Wednesday, 1 April 2015

The mandatory fallout of post independence movement revolutions in India.

From two revolutions to two parties

Just about the same time of the year in 2012, the nation, and specifically the capital, were struck by an amazing gumption. Like suddenly we realized we had this amazing power and asset at an arm's reach. While we all had grown up hearing about the valor with which our forefathers fought for the nation's freedom, and we all were taught how formidable our constitution is, we never witnessed something like this before. We knew the reality and now suddenly this crusader - a messiah and a watchdog, seemed to emerge from a hinterland people in the capital had never even heard of. This senile and frail man from a small hamlet of Maharashtra was ravaging fire in the capital, stirring the reins of power and assimilating the desires and fury of everyone who remained in some kind of furlough till then. A short but stout man finally blew a clarion, feeble in front of the mighty parliament, but still producing a din loud enough to wake up some set of the masses. People joined his movement, the young seem invigorated, the technocrats flooded Facebook and Twitter with rancorous and raging content in support, and everything seemed pretty much in place for this old man's utopic dream to hit the reality of nirvana. And just when things looked merry, it struck again! The age old anathema on Indian revolutions.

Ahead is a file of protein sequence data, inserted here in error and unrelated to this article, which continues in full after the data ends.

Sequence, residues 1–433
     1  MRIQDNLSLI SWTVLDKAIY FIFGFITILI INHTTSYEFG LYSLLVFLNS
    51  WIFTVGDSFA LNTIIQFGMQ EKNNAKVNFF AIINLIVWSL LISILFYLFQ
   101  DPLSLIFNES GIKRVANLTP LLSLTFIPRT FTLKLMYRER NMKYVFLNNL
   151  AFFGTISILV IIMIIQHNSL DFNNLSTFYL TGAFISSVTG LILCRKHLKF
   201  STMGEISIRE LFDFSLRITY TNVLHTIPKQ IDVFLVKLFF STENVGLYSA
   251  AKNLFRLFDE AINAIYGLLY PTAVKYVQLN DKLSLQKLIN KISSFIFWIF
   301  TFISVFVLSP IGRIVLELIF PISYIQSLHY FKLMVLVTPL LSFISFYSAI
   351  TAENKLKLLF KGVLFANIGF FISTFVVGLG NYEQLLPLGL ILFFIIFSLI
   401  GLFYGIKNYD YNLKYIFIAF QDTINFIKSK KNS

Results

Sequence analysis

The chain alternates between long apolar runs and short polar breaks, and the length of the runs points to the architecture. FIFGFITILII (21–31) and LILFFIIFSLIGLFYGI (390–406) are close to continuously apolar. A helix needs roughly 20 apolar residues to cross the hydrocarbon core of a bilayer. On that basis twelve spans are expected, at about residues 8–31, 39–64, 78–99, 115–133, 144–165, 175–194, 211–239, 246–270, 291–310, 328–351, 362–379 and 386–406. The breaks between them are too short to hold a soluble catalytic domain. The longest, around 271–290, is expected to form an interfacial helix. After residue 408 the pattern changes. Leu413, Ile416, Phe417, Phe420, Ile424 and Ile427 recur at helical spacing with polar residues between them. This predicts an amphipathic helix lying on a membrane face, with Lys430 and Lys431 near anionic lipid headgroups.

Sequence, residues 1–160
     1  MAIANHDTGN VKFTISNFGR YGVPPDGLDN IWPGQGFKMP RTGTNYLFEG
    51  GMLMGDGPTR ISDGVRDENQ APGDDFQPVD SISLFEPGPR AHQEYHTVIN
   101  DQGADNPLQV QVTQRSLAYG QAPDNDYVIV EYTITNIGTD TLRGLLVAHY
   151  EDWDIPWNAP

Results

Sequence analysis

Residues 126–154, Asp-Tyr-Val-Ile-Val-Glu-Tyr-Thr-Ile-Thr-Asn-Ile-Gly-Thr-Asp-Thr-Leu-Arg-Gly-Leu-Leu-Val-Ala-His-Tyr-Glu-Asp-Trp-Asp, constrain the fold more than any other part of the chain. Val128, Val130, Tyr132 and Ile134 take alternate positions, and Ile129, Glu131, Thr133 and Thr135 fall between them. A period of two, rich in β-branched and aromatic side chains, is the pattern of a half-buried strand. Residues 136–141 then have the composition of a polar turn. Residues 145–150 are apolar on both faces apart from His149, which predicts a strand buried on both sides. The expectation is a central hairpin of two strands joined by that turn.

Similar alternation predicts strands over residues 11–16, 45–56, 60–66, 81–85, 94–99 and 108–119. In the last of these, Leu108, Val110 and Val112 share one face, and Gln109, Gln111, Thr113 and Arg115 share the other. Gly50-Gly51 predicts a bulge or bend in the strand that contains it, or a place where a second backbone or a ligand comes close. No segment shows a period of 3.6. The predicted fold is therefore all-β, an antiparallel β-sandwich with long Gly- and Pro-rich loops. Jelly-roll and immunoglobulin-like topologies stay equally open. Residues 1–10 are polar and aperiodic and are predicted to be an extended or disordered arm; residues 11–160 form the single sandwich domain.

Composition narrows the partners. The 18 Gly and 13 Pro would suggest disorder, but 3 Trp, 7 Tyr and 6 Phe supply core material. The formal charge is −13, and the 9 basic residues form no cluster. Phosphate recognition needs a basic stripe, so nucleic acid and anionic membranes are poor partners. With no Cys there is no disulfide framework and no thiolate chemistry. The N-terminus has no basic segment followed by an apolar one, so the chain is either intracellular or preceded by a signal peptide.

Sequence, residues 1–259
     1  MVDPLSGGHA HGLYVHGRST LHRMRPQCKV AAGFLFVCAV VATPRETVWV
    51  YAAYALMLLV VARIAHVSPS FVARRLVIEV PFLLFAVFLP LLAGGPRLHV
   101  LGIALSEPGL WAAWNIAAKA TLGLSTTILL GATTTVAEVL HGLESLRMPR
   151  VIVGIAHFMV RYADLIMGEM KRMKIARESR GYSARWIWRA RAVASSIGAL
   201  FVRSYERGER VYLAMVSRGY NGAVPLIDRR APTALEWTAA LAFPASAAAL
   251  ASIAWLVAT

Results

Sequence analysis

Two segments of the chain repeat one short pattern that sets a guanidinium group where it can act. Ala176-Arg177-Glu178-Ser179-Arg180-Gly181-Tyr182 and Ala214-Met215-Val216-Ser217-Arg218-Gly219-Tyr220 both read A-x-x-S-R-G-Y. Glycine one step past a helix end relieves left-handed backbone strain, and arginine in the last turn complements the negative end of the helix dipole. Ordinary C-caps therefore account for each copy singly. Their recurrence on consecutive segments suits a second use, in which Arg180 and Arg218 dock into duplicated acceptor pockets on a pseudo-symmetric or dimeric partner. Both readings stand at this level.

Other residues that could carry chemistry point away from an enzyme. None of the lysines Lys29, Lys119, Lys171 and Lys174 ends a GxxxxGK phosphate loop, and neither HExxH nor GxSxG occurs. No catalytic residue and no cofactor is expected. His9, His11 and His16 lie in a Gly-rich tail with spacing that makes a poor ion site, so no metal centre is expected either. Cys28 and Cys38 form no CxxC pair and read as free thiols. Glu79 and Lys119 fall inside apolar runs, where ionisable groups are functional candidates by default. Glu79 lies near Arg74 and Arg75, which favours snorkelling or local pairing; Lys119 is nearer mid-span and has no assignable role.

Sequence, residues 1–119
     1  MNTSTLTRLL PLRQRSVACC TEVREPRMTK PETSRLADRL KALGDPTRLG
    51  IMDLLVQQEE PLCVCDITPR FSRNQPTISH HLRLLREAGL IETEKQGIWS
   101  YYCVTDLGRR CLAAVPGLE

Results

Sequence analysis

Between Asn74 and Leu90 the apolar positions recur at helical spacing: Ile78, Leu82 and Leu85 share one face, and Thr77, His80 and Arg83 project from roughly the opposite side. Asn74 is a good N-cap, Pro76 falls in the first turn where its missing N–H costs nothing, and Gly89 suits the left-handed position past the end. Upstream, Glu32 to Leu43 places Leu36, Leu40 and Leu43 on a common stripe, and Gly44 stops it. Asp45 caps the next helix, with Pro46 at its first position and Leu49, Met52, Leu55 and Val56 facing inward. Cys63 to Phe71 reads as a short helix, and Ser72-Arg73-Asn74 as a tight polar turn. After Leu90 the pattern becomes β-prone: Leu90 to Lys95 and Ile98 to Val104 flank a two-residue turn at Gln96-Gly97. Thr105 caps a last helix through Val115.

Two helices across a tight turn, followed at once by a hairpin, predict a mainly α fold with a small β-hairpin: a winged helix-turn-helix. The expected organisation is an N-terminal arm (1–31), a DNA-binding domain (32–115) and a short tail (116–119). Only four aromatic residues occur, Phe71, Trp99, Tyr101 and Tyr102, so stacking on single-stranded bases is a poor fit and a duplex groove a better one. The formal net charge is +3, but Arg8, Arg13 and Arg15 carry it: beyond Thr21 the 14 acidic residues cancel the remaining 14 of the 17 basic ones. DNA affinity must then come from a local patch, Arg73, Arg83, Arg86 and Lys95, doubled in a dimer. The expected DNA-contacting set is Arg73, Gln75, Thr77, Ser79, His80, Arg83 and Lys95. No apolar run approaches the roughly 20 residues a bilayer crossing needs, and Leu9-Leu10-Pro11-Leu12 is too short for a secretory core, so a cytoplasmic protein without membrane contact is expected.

Anna Hazare, the leader of the anti corruption moment and the chief proponent of the Jan Lokpal, finally decided to give in to the languor and travails. What started as a revolution on the back of an entire spree of scams that got unearthed one after the other, delineating the gargantuan losses accrued to the exchequer, was now waning under the age old panacea. While it was obvious that the sturdy but senile Anna was going to dither eventually, the entire nation's hopes were predicated on his resolute. And it was even effective, clearly witnessed in the form of unprecedented parliamentary sessions being called up and various politicians trying to side with the renegade turned heroes. It all seemed so very evocative that it gives me goosebumps even today. For the first time I, as a fledgling, thought that I've got a genuine way to contribute apart from remaining virulent on online media, doing no more than getting reciprocal likes and comments from a handful of people. I saw myself as a rebellion and my 'Swades' moment seemed to have arrived. While on one hand I knew what we all were dreaming of was never going to have an easy passage, something inside me made things seem propitious, and maybe for the first time in my life. But Alas! History repeats itself and this time it hit worse than I thought.